• class-instance-signal-declaration:

    • [ class-member-visibility-modifier ] [ class-method-type-modifier ] signal return-type signal-name ( [ params-list ] ) ;


    • identifier

Signals may also provide an extra piece of information called a signal detail. This is a single string, which can be used as an initial hint as to the purpose of the signal emission. In Vala you can register that a signal handler should only be invoked when the signal detail matches a given string. A typical use of signal details is in GObject's own "notify" signal, which says that a property of an object has changed - GObject uses the detail string to say which property has been changed.

To assign a handler to a signal, (or register to receive this type of event from the instance), use the following form of expression:

  • signal-connection-expression:

    • qualified-signal-name [ signal-detail ] += signal-handler


    • [ qualified-namespace-name . ] variable-identifier . signal-name


    • [ expression ]


    • expression

This expression will request that the signal handler given be invoked whenever the signal is emitted. In order for such a connection expression to be legal, the handler must have the correct signature. The handler should be defined to accept as parameters the same types as the signal, but with an extra parameter before. This parameter should have the type of the class in which the signal is declared. When a signal is emitted all handlers are called with this parameter being the object by which the signal was emitted.

The time that an arbtirary expression is acceptable in this expression is when that expression evaluates to an instance of a delegate type, i.e. to a method that is a legal handler for the signal. For details on delegates, see Delegates. For details on lambda expressions see Methods/Lambdas.

Note that optional signal detail should be directly appended to the signal name, with no white space, e.g. o.notify["name"] += ...

It is also possible to disconnect a signal handler using the following expression form:

  • signal-disconnection-expression:

    • qualified-signal-name [ signal-detail ] -= connected-signal-handler


    • expression

Note that you cannot disconnect a signal handler which was defined inline as a lambda expression and then immediately connected to the signal. If this is the effect you really need to achieve, you must assign the lambda expression to an identifier first, so that the lambda can be referred to again at a later time.

Class enums

Enums defined in a class are basically the same as those defined in a namespace. The only difference is the scope and the choice of visibilities available. See Enumerated types (Enums).

  • class-enum-declaration:

    • [ class-member-visibility-modifier ] enum enum-name { [ enum-members ] }

Class delegates

Delegates defined in a class are basically the same as those defined in a namespace. The only difference is the scope and the choice of visibilities available. See Delegates.

  • class-delegate-declaration:

    • [ class-member-visibility-modifier ] return-type delegate delegate-name ( method-params-list ) ;



// ...

Using Properties

For more examples see: Samples for Class Properties

Virtual Properties

namespace Properties {
    class Base : Object {
        protected int _number;
        public virtual int number { 
            get { 
                return this._number; 
            set { 
                this._number = value; 
     * This class just use Base class default handle 
     * of number property.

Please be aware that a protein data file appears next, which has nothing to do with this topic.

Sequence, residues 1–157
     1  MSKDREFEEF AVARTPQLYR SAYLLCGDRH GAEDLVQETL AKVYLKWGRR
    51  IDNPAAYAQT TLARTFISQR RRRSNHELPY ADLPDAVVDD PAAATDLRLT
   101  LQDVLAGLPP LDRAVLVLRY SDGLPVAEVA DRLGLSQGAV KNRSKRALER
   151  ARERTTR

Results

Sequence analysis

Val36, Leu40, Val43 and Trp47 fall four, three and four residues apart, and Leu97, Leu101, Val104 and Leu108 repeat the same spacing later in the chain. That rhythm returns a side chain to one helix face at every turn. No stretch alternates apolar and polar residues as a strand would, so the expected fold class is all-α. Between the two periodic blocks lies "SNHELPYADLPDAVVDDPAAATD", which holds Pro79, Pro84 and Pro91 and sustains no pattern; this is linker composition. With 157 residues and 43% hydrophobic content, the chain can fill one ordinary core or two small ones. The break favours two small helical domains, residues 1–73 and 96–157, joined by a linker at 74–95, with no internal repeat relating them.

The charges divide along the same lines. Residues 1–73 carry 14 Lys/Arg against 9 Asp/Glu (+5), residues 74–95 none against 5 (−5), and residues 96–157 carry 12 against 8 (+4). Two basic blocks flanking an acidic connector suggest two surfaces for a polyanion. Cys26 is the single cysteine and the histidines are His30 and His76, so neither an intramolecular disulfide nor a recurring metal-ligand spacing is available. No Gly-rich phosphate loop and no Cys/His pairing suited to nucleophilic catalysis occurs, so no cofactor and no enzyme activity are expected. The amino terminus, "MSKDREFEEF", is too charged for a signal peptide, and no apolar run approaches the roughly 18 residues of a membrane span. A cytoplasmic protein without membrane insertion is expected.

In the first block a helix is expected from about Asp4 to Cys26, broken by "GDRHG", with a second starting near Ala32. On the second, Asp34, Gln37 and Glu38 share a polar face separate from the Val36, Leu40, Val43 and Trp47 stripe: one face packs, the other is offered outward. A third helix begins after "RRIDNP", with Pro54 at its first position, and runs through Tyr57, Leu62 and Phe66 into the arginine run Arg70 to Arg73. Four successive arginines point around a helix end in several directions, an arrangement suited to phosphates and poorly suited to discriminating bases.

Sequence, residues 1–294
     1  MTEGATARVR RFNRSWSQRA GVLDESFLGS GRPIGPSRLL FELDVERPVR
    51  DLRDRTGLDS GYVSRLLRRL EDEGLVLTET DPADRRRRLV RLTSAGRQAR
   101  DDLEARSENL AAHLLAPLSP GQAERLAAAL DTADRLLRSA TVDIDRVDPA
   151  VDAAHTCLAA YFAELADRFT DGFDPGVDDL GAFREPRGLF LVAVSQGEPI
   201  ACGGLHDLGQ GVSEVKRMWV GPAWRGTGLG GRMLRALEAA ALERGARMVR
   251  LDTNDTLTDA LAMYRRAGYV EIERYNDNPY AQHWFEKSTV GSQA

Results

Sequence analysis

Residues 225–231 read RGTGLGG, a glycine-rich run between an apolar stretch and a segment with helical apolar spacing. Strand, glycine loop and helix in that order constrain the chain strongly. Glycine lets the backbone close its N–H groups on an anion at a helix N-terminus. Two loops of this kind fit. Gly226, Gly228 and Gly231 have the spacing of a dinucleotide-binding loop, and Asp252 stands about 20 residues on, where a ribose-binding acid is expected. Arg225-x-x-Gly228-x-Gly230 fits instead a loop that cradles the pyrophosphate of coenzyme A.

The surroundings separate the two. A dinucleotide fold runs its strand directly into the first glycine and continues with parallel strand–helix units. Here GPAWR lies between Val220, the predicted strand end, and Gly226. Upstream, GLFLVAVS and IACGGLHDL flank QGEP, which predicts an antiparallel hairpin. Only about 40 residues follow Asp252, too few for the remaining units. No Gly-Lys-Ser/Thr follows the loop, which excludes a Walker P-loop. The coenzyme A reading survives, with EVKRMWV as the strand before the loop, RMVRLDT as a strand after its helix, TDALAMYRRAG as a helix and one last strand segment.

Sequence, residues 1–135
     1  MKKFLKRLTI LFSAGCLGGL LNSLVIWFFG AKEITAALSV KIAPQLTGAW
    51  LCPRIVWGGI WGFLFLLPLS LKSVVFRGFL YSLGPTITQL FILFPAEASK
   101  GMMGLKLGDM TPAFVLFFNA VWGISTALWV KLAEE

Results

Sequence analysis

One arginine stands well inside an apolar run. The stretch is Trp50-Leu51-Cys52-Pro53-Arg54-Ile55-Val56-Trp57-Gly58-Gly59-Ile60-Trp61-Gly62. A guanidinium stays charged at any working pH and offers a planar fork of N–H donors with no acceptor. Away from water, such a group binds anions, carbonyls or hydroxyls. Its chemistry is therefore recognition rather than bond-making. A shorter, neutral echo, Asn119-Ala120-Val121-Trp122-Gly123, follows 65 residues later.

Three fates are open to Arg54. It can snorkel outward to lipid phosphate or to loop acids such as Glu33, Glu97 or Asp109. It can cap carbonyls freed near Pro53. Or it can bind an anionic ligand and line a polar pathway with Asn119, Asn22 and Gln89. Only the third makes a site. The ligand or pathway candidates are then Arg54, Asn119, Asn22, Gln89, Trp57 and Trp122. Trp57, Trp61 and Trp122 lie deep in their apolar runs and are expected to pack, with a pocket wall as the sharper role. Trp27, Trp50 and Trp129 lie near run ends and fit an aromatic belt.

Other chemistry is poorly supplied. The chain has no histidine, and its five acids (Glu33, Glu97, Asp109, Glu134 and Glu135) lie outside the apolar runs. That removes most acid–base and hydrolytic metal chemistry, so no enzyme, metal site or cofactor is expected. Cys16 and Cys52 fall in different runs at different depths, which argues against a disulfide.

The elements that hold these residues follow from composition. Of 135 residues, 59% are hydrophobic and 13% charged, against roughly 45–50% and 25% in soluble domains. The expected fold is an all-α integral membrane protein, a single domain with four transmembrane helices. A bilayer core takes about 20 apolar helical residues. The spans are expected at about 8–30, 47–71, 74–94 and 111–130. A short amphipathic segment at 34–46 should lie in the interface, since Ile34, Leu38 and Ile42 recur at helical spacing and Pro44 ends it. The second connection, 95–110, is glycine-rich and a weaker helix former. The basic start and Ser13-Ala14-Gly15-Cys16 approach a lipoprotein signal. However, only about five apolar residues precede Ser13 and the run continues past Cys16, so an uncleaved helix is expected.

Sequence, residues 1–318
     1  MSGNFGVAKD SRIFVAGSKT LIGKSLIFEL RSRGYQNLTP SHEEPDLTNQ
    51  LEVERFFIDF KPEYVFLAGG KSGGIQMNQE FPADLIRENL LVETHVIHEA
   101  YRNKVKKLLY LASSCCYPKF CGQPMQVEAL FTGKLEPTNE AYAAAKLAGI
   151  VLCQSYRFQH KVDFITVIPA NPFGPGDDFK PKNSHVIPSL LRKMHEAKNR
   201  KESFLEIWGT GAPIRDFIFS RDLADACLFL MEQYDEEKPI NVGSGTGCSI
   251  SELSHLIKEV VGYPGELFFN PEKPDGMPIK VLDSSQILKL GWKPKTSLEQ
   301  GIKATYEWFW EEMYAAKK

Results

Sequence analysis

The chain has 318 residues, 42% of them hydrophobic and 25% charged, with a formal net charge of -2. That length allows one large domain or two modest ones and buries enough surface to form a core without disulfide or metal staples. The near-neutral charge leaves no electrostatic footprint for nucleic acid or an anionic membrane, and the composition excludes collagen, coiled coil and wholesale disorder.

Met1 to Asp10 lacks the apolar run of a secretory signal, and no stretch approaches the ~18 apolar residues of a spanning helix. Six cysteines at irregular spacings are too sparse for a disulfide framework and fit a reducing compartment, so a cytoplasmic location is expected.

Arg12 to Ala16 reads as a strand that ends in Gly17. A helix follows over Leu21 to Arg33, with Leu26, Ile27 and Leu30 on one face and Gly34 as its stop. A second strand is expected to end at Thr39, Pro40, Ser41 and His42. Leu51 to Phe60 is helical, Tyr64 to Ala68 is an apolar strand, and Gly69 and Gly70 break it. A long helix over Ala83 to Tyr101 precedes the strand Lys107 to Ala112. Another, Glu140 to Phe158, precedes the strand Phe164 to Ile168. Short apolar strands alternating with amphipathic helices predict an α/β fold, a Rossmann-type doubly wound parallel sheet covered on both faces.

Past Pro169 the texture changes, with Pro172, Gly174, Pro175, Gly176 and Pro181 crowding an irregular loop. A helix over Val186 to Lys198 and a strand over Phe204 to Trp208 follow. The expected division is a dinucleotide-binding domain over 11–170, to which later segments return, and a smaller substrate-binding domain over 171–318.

class Subclass : Base {
        public string name { get; set; }
     * This class override how number is handle internally.
    class ClassOverride : Base {
        public override int number {
            get {
                return this._number;
            set {
                this._number = value * 3;
        public static int main (string[] args) {
            stdout.printf ("Implementing Virtual Properties...\n");
            var bc = new Base ();
            bc.number = 3;
            stdout.printf ("Class number = '" + bc.number.to_string () + "'\n");
            var sc = new Subclass ();
            sc.number = 3;
            stdout.printf ("Class number = '" + sc.number.to_string () + "'\n");
            var co = new ClassOverride ();
            co.number = 3;
            stdout.printf ("Class number = '" + co.number.to_string () + "'\n");
            return 0;

Abstract Properties

namespace Properties {
    abstract class Base : Object {
        public abstract string name { get; set construct; }
        construct {
   = "NO_NAME";
    class Subclass : Base {
        private string _name;
        public override string name {
            get {
                return this._name;
            set construct {
                this._name = value;
        /* This class have a default constructor that initializes
         * name as the construct block on Base, and a .with_name()
         * constructor where the user can set class derived name 
         * roperty.
        public Subclass.with_name (string name) {
            Object (name:name);
            this._name = name;
        public static int main (string[] args) {
            stdout.printf ("Implementing Abstract Properties...\n");
            var sc = new Subclass.with_name ("TEST_CLASS");
            stdout.printf ("Class name = '" + + "'\n");
            var sc2 = new Subclass ();
            stdout.printf ("Class name = '" + + "'\n");
            return 0;

Compile and run using:

# valac source.vala
# ./source

Using signals

public class Test : Object {
        public signal void test (int data);

void delegate TestHandler (Test t, int data);

public static void main (string[] args) {

        Test t = new Test();

        TestHandler h = (t, data) => {
                stdout.printf("Data: %d\n", d);

        t.test ();
        t.test += h;
        t.test ();
        t.test -= h;
        t.test ();

Projects/Vala/Manual/Classes (last edited 2017-05-30 14:59:46 by AlThomas)